Let’s try it again with different amounts. For example:

4% Avocado oil
3% Olive oil
3% Cera Bellina
2% Cocoa butter
2% Caprylic Capric Triglycerides

The mix is made up for 14% oil-soluble ingredients.

Now, apply tip #2 where you use 25% of the oil phase:

14% x 25% = ___________
0.14 x 0.25 = 0.035
0.035 x 100 = 3.5%   of BTMS
(ie 25% of 14% is 3.5%)

But wait! 3.5%? Isn’t that too low??  Here’s where it gets tricky.  3.5% is not too low when you’re using BTMS-50, although your mix may be more liquidy.  But certainly, I’d never use 3.5% of Polawax or Olivem1000, or regular e-wax unless I was also going to be using a thickener (like cetyl alcohol) with it.

HOWEVER, look at the recipe again.  You see where it’s using “Cera Bellina” and “Cocoa butter”?  Cera bellina is a modified version of Beeswax.  So it will help (even a little bit) with keeping the mix together.  Cocoa butter as well helps to thicken and stabilize your DIY mix.

Thus, you can end up with a very good cream even with using 3.5% BTMS.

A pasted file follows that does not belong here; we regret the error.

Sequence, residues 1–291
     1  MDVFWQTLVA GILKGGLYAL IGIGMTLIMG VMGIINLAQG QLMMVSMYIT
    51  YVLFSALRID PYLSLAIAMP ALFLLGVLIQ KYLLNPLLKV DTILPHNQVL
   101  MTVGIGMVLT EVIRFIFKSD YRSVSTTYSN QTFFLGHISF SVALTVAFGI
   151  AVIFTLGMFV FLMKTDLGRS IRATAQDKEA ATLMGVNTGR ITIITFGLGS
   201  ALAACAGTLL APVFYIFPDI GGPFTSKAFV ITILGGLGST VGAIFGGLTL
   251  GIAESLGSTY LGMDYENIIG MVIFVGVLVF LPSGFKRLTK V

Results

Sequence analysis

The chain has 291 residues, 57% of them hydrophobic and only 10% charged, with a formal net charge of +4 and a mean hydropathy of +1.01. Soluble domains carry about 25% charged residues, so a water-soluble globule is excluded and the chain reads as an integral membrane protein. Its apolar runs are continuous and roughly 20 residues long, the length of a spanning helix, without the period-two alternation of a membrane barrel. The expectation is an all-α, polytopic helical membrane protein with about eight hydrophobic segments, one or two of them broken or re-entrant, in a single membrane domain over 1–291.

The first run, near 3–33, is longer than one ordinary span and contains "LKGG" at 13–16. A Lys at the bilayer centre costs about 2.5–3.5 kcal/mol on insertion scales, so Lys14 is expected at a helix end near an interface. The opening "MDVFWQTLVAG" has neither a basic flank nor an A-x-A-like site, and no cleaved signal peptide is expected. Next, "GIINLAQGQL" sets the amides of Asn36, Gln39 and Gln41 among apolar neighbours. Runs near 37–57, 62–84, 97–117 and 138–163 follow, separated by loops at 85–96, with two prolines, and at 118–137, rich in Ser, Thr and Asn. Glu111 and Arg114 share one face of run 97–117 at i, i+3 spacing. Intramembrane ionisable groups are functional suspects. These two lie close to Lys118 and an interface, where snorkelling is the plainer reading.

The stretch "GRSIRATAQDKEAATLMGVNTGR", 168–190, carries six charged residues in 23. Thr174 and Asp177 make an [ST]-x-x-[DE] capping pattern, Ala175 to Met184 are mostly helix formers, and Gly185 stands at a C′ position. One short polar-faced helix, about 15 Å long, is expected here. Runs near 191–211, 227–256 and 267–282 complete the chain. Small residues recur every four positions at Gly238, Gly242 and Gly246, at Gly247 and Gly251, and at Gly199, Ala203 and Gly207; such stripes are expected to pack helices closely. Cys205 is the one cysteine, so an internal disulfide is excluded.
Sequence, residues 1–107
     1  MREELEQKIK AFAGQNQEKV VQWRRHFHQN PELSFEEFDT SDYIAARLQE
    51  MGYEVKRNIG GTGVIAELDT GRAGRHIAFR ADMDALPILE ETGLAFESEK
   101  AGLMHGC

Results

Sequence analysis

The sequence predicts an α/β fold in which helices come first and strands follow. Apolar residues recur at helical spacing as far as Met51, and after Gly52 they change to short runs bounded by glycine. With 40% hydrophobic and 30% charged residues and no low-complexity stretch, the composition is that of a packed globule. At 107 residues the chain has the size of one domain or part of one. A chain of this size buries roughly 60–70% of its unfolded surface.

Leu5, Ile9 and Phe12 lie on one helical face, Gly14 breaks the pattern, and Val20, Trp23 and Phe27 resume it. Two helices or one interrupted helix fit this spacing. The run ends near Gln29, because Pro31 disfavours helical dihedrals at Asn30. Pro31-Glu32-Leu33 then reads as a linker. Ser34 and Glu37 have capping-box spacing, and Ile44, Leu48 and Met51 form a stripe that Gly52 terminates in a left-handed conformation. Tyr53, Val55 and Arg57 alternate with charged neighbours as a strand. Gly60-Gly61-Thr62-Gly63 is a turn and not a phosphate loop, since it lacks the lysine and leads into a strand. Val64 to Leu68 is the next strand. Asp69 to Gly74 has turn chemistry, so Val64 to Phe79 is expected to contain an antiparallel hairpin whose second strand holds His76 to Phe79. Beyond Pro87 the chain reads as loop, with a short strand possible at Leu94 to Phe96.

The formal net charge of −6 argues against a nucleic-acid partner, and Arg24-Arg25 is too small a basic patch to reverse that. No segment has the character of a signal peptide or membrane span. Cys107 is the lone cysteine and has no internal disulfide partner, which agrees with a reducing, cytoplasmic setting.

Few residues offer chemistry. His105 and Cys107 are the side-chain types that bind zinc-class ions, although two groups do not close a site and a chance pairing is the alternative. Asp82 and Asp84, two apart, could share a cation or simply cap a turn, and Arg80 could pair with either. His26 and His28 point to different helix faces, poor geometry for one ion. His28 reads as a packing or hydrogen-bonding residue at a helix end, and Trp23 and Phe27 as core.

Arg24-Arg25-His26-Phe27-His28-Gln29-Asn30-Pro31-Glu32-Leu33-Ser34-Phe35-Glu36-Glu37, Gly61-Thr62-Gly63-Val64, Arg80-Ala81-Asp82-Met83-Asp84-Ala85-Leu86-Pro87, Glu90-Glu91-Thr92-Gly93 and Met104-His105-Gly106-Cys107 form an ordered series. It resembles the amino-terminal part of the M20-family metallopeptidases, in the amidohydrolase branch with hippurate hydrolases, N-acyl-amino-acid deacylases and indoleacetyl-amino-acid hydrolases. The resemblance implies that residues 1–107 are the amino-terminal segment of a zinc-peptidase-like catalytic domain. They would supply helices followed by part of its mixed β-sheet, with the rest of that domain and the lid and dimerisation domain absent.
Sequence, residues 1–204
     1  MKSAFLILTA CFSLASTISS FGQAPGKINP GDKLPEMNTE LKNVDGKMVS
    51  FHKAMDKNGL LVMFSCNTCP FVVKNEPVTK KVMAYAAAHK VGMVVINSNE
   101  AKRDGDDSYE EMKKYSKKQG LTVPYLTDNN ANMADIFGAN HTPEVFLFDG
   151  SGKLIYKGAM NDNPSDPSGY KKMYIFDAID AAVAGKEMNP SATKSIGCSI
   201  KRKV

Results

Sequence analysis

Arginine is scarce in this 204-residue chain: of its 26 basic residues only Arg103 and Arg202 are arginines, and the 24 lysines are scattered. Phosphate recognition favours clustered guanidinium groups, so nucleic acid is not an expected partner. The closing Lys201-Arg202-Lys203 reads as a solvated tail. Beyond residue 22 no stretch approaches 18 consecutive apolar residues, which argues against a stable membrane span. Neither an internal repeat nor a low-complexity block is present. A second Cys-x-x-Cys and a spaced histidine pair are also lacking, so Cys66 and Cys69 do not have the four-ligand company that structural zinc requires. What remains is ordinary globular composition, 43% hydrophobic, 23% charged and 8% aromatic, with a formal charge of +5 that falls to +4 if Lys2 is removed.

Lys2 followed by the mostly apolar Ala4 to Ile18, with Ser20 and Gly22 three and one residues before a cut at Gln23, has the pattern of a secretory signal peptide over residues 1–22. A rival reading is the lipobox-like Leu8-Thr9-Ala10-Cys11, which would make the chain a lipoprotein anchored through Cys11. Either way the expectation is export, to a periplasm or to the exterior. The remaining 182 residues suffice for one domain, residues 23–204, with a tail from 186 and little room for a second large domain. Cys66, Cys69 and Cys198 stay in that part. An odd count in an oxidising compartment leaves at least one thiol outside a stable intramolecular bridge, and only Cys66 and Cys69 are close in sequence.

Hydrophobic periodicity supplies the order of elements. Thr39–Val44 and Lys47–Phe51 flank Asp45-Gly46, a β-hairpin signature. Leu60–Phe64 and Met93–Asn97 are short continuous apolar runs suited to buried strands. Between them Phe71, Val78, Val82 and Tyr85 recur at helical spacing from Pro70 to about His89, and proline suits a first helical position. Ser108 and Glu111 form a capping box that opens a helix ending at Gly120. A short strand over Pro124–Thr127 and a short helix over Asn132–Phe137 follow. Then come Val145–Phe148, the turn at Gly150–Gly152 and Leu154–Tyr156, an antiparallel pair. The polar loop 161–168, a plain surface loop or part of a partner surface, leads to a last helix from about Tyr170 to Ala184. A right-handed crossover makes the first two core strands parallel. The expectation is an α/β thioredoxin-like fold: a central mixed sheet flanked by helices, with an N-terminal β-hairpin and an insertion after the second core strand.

#3: If your entire OIL PHASE will equal less than 15%, using butters and other thickening ingredients helps give it a nice, thick, substantial feel

For example, if you want a nice cream without using a high percentage of oils, using butters and heavier liquids can give it to you:

3% Castor Oil
4% Cocoa Butter
3% Kokum Butter
2% Shea oil (or butter)

This recipe above is only made up of 12% oils/butters.  But you will get a thicker cream because you used harder butters like Cocoa and Kokum.

Of course you already know how great Cocoa butter is!  Kokum butter is naturally hard and brittle. Although it remains hard at room temperature, it melts slightly upon contact with the skin.  It adds stability to mixes and whipped butters and is often used as a slight harder substitute for the aromatic Cocoa butter.

A recipe using both Kokum and Cocoa butters will certainly be thicker than if you made the same recipe using light oils like Hazelnut oil, Macadamia nut oil,  Kukui Nut oil and Sunflower oil.

And what about that 12% oil phase?  If you’re looking for a starting place for how much emulsifier to use, try the 25% rule mentioned earlier:

12% x 25% = _________
0.12 x 0.25 = 0.03
0.03 x 100 = 3%

So you’ll need at least 3% BTMS. Remember what I wrote earlier about BTMS and creams in the 1st TIP above? If you want a nice cream  and your BTMS amount is less than 6%, add a thickener (cetyl alchol, stearyl alcohol, behenyl alcohol).  The thickener should be AT LEAST half the percentage of your BTMS amount.


3% BTMS     to     1.5% Cetyl / Behenyl alcohol

So now let’s plug that into the recipe:

3% Castor Oil
4% Cocoa Butter
3% Kokum Butter
2% Shea oil (or butter)